Vivo

Six years ago, Karen and I heard rumors about a place in Bellevue that was serving up fancy food. For a long time, we regarded these rumors with some skepticism. Bellevue, after all, is a working class town that is pretty far out of the city. It seemed like an unlikely home for a wonderful high-end food experience. When we eventually hauled ourselves out there we found to our surprise that the rumors were true. Vivo served up an eclectic menu that was both varied and consistently excellent. The place itself has an understated elegance. There is a bare iron awning over the door and a small sign in the window that says “Vivo”. There is a large picture window that looks out on to the street. In the winter, this window is dark, but in the spring and summer it splashes the whole room witha nice diffuse light. There are nice tables and large comfortable chairs. The long wall in the back of the restaurant is covered with black and white photos which I assume are family snapshots from one or more generations back. As you sit down, Sam or Lori will say hello to you from the kitchen. If they aren’t busy, they’ll come over and chat about things. When we were in there last week, Sam asked about the Pittsburgh Magazine best restaurants party, and then kibitzed for 15 minutes about the state of the restaurant “scene” in Pittsburgh.

Later on, someone will come and recite the menu to you. Earlier in its existence, Sam had long hand-written menus with specials and all that. After a couple of years, he switched to essentially a weekly menu, filled with the interesting stuff that he found in the market at the time. Unusual ingredients is something of a speciality here. Sam does this in a matter-of-fact way that does not exude pretension. And yet this night we had great oysters on the half-shell, fiddlehead ferns, and the chance to order lamb with candied endive, which we had to pass up in favor of other things. Vivo is the first place in Pittsburgh that we ever had abalone, or halibut cheeks. There is always some interesting ingredient or preparation on the menu. But it is not presented to you as high art, or something that took a lot of inspiration and perspiration to create. It’s as if you went over to his house, and Sam pulled the stuff out of the fridge.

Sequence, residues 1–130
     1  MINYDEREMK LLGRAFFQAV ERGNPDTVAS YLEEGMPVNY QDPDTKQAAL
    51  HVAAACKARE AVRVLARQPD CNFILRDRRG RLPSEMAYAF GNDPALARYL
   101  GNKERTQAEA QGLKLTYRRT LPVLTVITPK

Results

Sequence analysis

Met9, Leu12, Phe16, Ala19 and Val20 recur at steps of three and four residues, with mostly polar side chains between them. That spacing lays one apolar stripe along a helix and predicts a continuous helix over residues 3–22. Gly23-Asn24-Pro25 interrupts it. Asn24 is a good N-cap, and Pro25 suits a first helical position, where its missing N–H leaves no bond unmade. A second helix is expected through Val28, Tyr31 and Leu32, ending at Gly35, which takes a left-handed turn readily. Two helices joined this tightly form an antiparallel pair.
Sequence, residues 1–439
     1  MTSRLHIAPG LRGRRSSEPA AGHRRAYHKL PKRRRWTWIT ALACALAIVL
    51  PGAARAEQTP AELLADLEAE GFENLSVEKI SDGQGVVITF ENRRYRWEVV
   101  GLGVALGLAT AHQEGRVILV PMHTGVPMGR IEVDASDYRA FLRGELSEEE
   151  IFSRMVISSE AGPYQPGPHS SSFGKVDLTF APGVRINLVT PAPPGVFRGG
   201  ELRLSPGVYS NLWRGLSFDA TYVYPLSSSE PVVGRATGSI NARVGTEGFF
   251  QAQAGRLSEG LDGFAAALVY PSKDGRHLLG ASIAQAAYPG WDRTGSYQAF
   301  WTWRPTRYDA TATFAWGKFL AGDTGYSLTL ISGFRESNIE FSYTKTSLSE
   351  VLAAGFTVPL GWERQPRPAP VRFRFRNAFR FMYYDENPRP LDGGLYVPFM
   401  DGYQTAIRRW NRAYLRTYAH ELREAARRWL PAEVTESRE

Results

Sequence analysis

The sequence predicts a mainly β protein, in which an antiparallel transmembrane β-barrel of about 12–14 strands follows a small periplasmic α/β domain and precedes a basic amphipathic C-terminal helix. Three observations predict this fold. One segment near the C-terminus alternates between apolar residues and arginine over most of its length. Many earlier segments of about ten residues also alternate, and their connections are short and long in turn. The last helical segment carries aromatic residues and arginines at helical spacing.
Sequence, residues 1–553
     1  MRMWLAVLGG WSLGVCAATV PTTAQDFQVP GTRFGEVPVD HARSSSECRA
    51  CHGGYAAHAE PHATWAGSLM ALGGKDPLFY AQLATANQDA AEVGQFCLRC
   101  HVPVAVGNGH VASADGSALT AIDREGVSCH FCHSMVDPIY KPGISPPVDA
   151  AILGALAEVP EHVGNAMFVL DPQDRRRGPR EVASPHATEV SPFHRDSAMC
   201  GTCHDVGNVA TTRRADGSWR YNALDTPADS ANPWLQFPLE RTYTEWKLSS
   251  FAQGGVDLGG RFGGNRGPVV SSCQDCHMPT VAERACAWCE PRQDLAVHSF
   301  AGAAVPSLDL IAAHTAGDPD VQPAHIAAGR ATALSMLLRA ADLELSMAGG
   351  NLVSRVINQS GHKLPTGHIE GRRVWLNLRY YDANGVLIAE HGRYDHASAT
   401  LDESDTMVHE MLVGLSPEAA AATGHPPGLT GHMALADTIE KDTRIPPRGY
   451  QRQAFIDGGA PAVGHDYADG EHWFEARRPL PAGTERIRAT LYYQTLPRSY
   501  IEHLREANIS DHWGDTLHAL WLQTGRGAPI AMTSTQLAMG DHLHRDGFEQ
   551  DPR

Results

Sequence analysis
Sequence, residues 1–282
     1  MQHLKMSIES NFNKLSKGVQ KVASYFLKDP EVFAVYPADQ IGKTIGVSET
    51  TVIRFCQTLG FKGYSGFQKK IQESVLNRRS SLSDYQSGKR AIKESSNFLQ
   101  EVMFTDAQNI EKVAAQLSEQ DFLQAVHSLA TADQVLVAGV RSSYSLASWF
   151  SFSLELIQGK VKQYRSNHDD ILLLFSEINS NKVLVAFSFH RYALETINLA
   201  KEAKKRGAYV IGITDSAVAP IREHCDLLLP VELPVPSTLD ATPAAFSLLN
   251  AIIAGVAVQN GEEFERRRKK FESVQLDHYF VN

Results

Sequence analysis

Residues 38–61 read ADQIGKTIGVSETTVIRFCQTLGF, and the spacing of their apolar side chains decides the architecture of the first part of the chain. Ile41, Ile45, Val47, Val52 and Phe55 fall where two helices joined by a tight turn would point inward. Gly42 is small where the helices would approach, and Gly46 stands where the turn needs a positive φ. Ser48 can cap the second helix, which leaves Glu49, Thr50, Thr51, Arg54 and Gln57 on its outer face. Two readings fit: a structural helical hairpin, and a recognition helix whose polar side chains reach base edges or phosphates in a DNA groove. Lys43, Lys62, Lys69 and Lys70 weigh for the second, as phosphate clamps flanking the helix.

The menus generally consist of five or six appetizers and five or six dinners. The dinners are a mix of meats and mild fish and other seafood. Each come with a pasta course ahead of the dinner and a salad course after. You can split dinners for an modest up-charge. The up-charge buys twice the grilled vegetable side dishes as the normal entree. This is a good deal, but does not really reduce the amount of food you have to deal with. The food is uniformly excellent. I think Sam’s predilections for simple preparation and the use of the grill makes the meat dishes better than the fish. This might just be my imagination, or it could be a function of how hard it is to get fresh fish in Pittsburgh. In any case, I highly recommend the tenderloin, however he is making it. We had it with a simple red wine sauce, grilled mushrooms, fiddlehead ferns and taleggio cheese.

If, after all of this you still have room, the dessert menu is always populated with whatever Lori has recently concocted. She once made us a chocolate panna- cotta, a chilled, extra thick custard. We always forget to ask her to make some ahead of deciding to go to the place. There is also the obligatory four pound piece of flour-less chocolate “cake”, a mix of gelato and sorbet, and anything else that she might have thought to make. The coffee isn’t super, but it’s made better by the large mug and the dessert.

Every time we go to Vivo, we seem to forget how good the place really is, and we come out of the experience almost as surprised as we were the first time. How can a place like this exist in a place like Bellevue? However they manage it, Vivo has been there for the long haul. What Sam and Lori have built here could survive in any food “scene” in the country. We are lucky to have them in Pittsburgh. You should go out there and thank them for it.

A Note

By Pittsburgh standards, Vivo is pretty expensive. The appetizers all go for about $10, and the dinners are in the $40 range for all three courses. I have seen complaints on the net that this is too much money, and that the portions are on the small side. The people who write such things are clinically insane.

Also, here is a map to the place.